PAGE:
South Branch Pond Campground is a small drive-in campground along South Branch Pond. It has a mix of well-isolated and highly coveted lake front campsites with lean-tos as well as sites away from the lake, but within an easy stroll to the lake. We immediately rented a canoe and took a trip across the lower of the two South Branch Ponds to catch the fall foliage in the late afternoon sun. There is a short 0.2-mile portage between the two ponds, which provides additional mileage and access to a remote canoe-in campground.
There are numerous hikes right from the campground, including the very hard Traveler Mountain with its stunning views from three peaks that rival those on Katahdin, but without the crowds. We chose another, the relatively easy Howe Brook Trail with its numerous cascades and chutes as you climb towards Howe Brook Falls at the end of the trail. There are several hundred yards along Howe Brook that were spectacular for such a small brook that in our opinion surpassed the beauty of the actual Howe Brook Falls at the end of the trail.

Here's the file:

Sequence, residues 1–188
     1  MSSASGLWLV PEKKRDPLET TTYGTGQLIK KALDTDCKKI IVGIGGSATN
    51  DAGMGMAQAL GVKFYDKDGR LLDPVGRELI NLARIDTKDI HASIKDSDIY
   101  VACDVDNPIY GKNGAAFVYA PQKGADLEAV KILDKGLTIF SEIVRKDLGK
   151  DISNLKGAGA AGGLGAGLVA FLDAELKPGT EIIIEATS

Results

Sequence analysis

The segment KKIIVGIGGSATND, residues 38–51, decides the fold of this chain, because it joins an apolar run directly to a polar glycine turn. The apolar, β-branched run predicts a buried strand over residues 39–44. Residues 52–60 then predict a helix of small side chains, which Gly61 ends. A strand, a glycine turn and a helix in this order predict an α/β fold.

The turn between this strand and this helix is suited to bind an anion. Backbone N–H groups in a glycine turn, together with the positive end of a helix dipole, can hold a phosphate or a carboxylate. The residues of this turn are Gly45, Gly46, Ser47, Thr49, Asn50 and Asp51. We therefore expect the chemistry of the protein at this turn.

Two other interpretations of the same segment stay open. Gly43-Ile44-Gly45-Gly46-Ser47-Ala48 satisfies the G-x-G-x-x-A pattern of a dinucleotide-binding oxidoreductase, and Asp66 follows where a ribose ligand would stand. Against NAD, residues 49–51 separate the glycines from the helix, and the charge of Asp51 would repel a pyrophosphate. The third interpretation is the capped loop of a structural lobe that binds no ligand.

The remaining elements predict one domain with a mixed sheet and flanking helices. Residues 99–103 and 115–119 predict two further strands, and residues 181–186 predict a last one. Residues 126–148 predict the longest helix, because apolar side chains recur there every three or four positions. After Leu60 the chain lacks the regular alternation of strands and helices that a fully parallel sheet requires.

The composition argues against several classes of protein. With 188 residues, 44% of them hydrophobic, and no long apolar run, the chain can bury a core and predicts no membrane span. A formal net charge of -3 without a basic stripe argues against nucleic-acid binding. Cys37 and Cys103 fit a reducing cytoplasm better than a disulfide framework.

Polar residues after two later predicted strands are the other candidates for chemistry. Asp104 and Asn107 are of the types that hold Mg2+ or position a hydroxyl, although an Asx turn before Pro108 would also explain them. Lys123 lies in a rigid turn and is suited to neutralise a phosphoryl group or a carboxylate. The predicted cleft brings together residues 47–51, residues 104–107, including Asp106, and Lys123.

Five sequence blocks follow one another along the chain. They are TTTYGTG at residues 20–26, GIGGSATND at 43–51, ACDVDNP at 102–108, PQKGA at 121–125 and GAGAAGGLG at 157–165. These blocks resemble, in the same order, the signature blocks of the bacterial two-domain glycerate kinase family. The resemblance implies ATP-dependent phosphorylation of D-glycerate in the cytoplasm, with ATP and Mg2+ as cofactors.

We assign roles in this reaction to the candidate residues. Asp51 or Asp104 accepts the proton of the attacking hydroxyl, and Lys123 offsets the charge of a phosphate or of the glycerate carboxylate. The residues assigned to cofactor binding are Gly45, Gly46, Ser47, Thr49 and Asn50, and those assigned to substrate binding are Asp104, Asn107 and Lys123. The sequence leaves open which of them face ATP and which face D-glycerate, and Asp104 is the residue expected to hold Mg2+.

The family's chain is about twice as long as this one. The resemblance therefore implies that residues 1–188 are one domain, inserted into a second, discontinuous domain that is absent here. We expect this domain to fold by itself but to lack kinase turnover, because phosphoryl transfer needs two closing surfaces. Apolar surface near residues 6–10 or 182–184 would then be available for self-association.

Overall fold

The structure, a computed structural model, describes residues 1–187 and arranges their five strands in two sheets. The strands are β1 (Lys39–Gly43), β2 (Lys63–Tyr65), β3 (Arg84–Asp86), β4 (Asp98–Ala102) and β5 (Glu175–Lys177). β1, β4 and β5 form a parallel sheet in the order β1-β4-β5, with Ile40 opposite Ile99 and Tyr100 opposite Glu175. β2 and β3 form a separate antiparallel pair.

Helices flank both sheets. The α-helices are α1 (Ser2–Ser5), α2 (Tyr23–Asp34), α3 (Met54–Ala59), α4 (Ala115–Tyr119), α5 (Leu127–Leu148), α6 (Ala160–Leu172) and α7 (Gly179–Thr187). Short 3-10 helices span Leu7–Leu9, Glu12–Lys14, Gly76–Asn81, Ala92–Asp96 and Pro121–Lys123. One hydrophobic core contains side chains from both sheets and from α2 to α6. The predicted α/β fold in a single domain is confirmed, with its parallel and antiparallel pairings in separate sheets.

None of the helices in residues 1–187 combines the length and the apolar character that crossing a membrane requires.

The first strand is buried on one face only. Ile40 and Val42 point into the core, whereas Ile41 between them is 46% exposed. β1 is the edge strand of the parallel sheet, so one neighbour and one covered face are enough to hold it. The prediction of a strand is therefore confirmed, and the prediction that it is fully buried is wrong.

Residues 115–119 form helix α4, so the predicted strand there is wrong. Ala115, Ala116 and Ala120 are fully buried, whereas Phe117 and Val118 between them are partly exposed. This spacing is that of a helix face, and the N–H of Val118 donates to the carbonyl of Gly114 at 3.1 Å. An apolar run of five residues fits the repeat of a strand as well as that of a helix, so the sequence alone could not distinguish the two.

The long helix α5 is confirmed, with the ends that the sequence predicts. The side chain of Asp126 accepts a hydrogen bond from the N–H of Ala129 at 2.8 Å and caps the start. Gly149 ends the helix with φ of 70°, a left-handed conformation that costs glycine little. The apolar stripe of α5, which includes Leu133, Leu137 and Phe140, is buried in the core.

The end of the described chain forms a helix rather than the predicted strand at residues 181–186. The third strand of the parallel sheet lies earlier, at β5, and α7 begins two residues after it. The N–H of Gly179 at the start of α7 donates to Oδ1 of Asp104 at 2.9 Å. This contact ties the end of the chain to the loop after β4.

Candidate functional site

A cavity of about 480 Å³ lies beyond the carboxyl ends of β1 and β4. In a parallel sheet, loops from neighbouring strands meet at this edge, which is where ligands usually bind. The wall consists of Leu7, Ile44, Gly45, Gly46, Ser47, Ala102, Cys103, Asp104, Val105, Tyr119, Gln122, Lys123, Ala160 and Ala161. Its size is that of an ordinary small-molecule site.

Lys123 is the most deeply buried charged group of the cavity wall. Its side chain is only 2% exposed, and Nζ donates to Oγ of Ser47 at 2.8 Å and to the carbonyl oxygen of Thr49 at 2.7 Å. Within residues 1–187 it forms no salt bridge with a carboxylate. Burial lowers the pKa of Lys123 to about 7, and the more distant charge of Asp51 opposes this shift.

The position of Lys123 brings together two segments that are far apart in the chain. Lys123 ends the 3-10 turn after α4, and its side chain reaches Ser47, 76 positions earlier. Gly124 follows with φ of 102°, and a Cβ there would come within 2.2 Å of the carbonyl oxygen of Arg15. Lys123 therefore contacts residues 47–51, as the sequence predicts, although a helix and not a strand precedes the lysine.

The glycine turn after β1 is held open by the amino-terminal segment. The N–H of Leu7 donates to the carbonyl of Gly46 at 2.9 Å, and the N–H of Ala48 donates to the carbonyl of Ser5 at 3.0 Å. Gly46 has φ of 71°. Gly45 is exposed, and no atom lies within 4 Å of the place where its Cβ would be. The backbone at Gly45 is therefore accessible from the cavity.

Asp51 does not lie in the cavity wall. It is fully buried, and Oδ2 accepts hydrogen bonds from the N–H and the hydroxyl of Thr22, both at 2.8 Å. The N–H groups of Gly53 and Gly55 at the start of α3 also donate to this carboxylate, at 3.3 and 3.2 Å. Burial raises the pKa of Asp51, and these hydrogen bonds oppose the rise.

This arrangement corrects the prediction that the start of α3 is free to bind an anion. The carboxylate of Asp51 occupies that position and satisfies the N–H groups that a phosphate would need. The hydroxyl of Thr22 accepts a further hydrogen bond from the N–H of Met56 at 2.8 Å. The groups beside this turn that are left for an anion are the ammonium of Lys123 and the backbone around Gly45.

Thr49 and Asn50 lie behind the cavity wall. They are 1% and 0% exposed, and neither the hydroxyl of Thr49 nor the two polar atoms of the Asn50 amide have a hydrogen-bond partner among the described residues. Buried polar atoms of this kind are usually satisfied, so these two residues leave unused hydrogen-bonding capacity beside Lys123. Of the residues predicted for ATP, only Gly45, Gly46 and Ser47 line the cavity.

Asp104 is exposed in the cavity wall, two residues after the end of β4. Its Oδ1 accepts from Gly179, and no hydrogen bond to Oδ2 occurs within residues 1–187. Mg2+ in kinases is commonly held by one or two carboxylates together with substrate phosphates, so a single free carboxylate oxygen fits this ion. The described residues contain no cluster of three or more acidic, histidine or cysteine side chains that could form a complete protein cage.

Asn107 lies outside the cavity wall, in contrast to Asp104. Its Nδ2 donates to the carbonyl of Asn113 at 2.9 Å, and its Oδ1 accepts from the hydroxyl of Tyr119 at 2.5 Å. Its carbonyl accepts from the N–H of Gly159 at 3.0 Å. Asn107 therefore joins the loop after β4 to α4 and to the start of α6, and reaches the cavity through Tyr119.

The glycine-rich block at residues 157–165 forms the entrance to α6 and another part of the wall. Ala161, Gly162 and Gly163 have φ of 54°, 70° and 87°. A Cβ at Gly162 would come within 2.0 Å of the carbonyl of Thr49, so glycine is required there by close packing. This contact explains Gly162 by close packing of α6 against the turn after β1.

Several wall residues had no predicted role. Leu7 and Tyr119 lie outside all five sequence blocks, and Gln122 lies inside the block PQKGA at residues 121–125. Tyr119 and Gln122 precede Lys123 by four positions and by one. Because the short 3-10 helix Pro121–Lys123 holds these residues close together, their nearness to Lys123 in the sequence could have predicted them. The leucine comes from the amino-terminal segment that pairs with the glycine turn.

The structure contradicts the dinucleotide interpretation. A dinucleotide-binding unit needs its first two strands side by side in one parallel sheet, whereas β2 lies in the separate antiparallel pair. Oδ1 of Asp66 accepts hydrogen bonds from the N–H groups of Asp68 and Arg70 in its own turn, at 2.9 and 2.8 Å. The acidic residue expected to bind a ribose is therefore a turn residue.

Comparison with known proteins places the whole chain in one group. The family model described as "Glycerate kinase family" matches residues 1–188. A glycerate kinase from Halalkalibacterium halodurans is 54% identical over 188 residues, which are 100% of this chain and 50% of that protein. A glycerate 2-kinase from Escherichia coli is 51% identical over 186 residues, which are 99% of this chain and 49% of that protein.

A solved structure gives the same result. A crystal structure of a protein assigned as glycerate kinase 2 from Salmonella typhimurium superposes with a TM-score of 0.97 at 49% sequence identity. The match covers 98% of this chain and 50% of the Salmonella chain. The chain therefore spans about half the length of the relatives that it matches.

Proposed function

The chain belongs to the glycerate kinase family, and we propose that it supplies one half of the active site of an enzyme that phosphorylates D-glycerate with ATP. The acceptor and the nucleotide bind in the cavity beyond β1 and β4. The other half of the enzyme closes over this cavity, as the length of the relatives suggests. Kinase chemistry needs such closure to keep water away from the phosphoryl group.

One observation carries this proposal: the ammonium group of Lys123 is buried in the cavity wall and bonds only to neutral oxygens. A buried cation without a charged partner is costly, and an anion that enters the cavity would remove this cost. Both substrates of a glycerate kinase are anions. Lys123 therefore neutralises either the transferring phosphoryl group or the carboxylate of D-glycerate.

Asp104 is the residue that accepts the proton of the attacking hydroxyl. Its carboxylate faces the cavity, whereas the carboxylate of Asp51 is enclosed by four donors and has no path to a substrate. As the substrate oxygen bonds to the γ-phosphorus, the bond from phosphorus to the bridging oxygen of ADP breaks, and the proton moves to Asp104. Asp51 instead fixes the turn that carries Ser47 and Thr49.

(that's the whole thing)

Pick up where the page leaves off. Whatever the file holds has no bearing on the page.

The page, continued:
When’s the best time to come to Baxter State Park? We were there in early October, which is often about a week past peak leaf season. But we lucked out—it didn’t matter where we were hiking—the leaves were amazing. Apparently mid- to late-summer can be quite busy and since they limit the number of visitors, you could be stuck at the gate trying to get in due to daily visitor limits. In early summer you might have to contend with the black flies, but the crowds will be less. If you are planning a trip to Maine, and can’t wait for early Fall, try for that magical and elusive week between black fly season and mosquito season. We did luck out several years ago on a trip to Acadia National Park.